Because of the recession and the inflation of real-estate prices, many young Japanese continue to live at home well into their twenties; buying clothes is one of the things that living rent-free in a small apartment with your parents permits you to do. One young Japanese curator, Koji Yoshida, explained to me that the phenomenon of the free-spending Japanese youth is a product of paternal guilt.

This kind of indulgence from parents has resulted in new kinds of youth attitudes. For example, the otaku. Otaku originally referred to a category of young Japanese men who were fixated on manga but now means "being focussed and almost obsessed with something you like." The word is often used to describe someone with a fanatical interest in computers or fashion.

And fashion for many means 'pursuing right T-shirt or cap ... with a kind of dogged intensity'. Young people are willing to pay 400 dollars for a limited edition sweatshirt which is 'in' at the moment. The money? Comes from parents or from temp jobs which have become popular for two reasons
a) because they choose to remain independent
b) because companies aren't hiring permanent workers.

The Indian context
So are we looking at a future when Indian kids will spend their time and their parent's money obsessing about buying the new bling thing even as they hop from one job to the next in search of enough excitement to make attending office seem like bungee jumping?

Well yes and no. Unlike Japan where 'poverty' is non existent, India has many social strata. The underprivileged and the middle class will continue to have fire in the belly - they will aim to work hard, crack exams, get good jobs. This lot will remain slightly conservative in its consumption pattern - be label conscious but not price-blind.

However in their approach to work they are already (and will continue to be) very demanding, individualistic and restless. Tolerance to criticism or work not upto their liking is low - that's already clear as companies struggle with attrition. These folks don't have the luxury of not working, but there are so many jobs available that they have no incentive to suppress their true nature. Which is to 'do what I want to do, no compromises.'

But there is also a growing number of young affluents into their 20s who are not sure what they want to do. And parents are indulgent enough to allow them this luxury. In Japan they are referred to as 'parasite singles' as they continue to remain dependent on their parents for sustenance, and live in their home.

The emergence of 'parasite singles' can be seen as casting a shadow over the Japanese labour market for young people as well. Since parasite singles do not face financial difficulties, they do not look for jobs with high wages, treating work as something akin to a “hobby.” Because of this attitude, if they find their job uncongenial, they immediately give it up. The resulting unemployment of young people is a “luxury unemployment” that does not involve real financial necessity. To them, work is a discretionary pastime, or a means of earning pocket money.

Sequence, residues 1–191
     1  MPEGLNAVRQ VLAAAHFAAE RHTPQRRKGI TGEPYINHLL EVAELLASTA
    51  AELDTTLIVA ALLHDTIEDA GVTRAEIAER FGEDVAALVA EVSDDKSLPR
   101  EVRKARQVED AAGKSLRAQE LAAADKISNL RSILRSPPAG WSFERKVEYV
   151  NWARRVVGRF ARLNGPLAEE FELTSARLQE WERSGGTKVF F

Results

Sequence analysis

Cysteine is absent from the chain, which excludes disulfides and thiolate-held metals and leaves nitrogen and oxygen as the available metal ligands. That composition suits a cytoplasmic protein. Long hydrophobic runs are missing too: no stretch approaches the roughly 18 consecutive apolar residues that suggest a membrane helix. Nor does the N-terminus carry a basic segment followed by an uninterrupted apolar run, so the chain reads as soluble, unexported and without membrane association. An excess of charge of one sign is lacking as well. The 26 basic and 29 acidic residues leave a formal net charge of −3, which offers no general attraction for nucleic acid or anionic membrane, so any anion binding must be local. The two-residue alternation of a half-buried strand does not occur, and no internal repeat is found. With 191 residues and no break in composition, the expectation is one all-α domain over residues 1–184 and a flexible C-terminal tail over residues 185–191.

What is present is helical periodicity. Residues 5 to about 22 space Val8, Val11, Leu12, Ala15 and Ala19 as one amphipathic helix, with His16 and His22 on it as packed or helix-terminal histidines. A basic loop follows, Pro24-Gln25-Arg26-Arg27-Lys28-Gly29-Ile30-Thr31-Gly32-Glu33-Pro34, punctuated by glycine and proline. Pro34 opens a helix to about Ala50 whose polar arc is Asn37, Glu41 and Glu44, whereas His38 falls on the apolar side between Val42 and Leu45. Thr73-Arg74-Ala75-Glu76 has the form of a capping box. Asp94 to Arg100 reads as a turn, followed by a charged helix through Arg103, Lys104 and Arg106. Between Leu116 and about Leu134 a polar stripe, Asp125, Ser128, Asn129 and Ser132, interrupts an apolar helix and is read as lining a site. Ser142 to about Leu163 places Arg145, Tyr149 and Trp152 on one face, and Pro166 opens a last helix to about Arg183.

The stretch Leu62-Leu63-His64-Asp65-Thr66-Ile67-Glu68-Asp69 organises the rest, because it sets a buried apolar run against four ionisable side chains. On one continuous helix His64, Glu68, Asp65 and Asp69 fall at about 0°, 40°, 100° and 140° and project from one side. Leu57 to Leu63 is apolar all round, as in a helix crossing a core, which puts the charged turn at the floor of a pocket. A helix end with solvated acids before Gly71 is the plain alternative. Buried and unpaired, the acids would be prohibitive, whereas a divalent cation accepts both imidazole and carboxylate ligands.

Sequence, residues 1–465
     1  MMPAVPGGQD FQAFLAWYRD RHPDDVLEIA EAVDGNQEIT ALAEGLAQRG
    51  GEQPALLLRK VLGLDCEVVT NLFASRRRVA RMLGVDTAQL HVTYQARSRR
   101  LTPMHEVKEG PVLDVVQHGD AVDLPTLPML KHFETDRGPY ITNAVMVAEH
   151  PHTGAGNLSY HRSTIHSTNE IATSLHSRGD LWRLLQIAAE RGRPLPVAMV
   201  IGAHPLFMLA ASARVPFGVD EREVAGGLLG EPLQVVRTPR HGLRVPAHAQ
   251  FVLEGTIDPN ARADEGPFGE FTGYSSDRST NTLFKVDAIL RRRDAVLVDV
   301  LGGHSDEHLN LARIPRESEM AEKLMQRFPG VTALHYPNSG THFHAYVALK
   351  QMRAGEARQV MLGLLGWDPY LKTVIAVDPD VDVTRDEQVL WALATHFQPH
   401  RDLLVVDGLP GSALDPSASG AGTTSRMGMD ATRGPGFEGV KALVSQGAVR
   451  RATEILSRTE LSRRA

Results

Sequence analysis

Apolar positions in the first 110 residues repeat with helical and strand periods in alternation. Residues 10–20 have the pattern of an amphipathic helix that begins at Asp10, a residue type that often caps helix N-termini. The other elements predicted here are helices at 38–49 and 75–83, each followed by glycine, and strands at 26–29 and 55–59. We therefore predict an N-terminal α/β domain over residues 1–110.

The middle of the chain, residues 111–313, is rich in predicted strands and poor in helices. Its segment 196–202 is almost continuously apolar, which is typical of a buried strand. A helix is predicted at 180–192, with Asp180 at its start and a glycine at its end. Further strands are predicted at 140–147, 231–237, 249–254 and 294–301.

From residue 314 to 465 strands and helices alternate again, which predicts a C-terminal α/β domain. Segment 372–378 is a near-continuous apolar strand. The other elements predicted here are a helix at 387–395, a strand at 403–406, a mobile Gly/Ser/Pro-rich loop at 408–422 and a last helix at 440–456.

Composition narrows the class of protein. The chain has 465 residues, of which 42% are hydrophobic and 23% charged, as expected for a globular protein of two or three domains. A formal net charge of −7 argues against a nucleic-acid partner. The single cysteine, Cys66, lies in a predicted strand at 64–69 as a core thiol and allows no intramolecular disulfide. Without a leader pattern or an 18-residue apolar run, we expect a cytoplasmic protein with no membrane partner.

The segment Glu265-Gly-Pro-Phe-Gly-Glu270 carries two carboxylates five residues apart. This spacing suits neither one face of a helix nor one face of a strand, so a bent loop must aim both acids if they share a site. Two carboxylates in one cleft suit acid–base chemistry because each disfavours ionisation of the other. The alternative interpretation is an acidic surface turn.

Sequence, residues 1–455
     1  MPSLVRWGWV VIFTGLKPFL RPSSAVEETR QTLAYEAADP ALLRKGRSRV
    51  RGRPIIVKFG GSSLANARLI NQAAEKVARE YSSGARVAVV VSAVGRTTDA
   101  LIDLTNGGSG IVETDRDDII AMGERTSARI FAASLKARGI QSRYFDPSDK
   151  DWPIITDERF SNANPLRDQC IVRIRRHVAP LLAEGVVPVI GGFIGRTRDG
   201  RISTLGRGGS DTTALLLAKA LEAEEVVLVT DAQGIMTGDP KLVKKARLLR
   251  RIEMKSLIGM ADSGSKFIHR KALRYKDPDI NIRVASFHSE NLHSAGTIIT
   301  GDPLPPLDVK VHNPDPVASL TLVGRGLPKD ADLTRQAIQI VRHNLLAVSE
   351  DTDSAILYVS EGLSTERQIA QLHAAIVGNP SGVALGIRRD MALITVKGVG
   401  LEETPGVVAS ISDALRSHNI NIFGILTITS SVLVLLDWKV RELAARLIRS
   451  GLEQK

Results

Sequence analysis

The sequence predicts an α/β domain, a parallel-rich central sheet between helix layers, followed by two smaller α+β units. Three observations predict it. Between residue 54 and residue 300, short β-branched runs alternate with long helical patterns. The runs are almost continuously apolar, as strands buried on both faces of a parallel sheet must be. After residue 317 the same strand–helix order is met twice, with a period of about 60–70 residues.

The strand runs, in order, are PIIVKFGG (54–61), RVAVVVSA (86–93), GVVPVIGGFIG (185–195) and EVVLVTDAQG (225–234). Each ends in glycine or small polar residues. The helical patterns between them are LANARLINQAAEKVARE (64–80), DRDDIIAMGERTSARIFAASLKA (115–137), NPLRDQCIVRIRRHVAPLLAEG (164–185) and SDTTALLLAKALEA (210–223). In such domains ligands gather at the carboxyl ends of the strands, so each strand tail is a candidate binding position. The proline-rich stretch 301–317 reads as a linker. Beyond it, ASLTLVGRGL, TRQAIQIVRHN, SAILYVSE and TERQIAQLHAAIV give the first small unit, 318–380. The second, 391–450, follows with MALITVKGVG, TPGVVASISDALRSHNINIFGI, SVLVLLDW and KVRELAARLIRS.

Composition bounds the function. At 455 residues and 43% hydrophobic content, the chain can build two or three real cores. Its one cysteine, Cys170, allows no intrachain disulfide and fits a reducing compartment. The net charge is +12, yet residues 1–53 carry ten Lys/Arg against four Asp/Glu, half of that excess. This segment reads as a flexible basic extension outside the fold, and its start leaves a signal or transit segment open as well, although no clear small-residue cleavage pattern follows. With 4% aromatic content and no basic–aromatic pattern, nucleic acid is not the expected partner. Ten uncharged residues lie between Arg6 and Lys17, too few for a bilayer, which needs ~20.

In India, I think it’s slightly different. We would never label someone who stayed at home as a parasite single… But there is an attitude of ‘hobby employment’ among those who can afford it. A group of young people who is constantly looking for 'experiences'. Six months here, 1 year there - collecting bits and
pieces to stick on a resume to make it look eclectic and interesting.

When the parent starts wondering where this will all lead, the kid buys a litle more time by going abroad to study. Or finally agrees to join the family business - which is why he/ she could fool around in the first place.

Ultimately this would lead to a few geniuses like Farhan Akhtar - he just sat home watching videos for two whole years after college. And then went on to make Dil Chahta Hai. But there will also be a bunch of confused souls who will ping pong between extremes of hedonism and spirituality in a desperate search for some meaning in life.

As Japanese novelist Ryu Murakami noted in Time magazine in the year 2000.

By the 1970s, we had already achieved the national goal. We had worked hard to restore the country from the ruins of World War II, develop the economy and build a modern technological state. When that great goal was attained, we lost much of the motivating force that had knit the nation so tightly together. Affluent Japanese do not know what kind of lifestyle to take up now. That uncertainty has pulled people further apart and caused a whole raft of social problems...

In India we do have a balancing factor. We have the motivating force of making this country a great one. Previous generations were cynical and felt helpless. The current one is aware, interested but mostly self obsessed.